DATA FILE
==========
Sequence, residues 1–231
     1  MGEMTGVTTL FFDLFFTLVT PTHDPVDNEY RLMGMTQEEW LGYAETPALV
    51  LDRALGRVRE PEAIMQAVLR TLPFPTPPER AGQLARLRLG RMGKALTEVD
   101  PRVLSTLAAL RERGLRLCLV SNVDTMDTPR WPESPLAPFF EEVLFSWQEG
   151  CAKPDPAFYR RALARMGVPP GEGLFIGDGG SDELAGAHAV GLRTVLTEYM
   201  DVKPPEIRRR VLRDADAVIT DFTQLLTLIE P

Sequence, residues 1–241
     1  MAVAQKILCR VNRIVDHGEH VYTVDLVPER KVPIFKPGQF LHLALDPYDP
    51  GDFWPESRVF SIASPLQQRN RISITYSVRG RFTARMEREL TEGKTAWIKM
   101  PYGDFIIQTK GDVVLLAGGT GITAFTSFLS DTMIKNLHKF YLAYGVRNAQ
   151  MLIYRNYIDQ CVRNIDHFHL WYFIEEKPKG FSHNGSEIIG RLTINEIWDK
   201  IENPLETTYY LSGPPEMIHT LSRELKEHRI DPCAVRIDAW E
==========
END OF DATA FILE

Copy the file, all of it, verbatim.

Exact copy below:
Sequence, residues 1–231
     1  MGEMTGVTTL FFDLFFTLVT PTHDPVDNEY RLMGMTQEEW LGYAETPALV
    51  LDRALGRVRE PEAIMQAVLR TLPFPTPPER AGQLARLRLG RMGKALTEVD
   101  PRVLSTLAAL RERGLRLCLV SNVDTMDTPR WPESPLAPFF EEVLFSWQEG
   151  CAKPDPAFYR RALARMGVPP GEGLFIGDGG SDELAGAHAV GLRTVLTEYM
   201  DVKPPEIRRR VLRDADAVIT DFTQLLTLIE P

Sequence, residues 1–241
     1  MAVAQKILCR VNRIVDHGEH VYTVDLVPER KVPIFKPGQF LHLALDPYDP
    51  GDFWPESRVF SIASPLQQRN RISITYSVRG RFTARMEREL TEGKTAWIKM
   101  PYGDFIIQTK GDVVLLAGGT GITAFTSFLS DTMIKNLHKF YLAYGVRNAQ
   151  MLIYRNYIDQ CVRNIDHFHL WYFIEEKPKG FSHNGSEIIG RLTINEIWDK
   201  IENPLETTYY LSGPPEMIHT LSRELKEHRI DPCAVRIDAW E